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Tay-Sachs disease is a deadly disease of the nervous system passed down through families. It occurs when the body lacks hexosaminidase A, a protein that helps break down a chemical found in nerve tissue called gangliosides. Without this protein, gangliosides, particularly ganglioside GM2, build up in cells, especially nerve cells in the brain.
Tay-Sachs disease is caused by a defective gene on chromosome 15. When both parents carry the defective Tay-Sachs gene, a child has a 25% chance of developing the disease. The child must receive two copies of the defective gene -- one from each parent -- in order to become sick. If only one parent passes the defective gene to the child, the child is called a carrier. He or she won't be sick, but will have the potential to pass the disease to his or her own children.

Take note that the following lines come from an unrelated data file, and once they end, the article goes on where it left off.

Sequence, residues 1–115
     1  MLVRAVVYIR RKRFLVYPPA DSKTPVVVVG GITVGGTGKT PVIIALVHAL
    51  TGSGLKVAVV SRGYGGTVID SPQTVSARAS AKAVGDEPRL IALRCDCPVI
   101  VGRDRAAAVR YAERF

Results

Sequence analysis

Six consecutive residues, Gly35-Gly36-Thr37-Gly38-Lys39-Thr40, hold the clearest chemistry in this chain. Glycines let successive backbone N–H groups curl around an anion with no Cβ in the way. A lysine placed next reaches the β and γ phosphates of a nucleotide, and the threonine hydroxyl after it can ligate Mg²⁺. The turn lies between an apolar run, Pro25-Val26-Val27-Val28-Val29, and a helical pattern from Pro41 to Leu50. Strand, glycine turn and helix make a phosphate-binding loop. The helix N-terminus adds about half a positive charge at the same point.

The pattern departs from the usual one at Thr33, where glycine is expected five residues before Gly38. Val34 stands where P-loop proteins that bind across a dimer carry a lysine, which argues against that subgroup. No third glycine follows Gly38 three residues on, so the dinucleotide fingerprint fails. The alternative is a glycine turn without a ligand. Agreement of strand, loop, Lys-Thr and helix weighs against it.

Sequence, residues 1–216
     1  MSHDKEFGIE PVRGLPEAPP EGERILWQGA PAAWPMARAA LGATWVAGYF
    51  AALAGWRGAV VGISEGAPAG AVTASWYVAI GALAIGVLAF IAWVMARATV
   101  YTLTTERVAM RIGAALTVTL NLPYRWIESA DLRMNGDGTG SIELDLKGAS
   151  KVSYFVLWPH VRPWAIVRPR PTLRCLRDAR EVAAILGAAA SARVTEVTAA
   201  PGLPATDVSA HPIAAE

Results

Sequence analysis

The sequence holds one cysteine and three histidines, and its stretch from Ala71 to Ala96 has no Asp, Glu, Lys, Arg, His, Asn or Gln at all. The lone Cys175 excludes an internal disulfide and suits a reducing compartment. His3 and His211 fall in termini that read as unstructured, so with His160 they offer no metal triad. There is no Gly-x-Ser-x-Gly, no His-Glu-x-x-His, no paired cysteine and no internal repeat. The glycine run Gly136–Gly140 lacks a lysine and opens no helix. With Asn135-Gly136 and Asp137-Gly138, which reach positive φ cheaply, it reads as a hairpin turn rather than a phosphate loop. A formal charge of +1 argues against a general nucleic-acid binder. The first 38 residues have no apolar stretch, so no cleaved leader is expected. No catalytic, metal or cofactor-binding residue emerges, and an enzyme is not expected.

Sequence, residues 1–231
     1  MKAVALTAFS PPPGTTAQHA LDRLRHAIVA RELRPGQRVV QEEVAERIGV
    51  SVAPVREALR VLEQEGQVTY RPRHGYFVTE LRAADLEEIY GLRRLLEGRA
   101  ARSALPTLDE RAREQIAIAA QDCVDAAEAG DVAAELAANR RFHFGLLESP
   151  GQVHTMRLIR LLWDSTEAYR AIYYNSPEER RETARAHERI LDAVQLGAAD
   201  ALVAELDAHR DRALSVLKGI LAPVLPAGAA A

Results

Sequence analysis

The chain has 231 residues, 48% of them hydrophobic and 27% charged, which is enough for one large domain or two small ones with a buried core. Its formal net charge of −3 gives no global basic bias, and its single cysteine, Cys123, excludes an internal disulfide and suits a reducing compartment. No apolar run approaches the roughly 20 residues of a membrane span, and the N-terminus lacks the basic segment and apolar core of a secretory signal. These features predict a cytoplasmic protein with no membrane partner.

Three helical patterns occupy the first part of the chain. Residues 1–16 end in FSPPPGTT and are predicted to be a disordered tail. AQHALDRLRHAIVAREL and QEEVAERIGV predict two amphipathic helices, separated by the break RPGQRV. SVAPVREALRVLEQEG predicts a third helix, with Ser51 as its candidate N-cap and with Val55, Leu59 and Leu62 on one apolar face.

Tay-Sachs has been classified into infantile, juvenile, and adult forms, depending on the symptoms and when they first appear. Most people with Tay-Sachs have the infantile form. In this form, the nerve damage usually begins while the baby is still in the womb. Symptoms usually appear when the child is 3 to 6 months old. The disease tends to get worse very quickly, and the child usually dies by age 4 or 5. (Source: PubMed Health)
Children born with Tay-Sachs Disease (TSD), a fatal genetic disorder, do not show symptoms until they are six months old, but almost never survive past the age of five.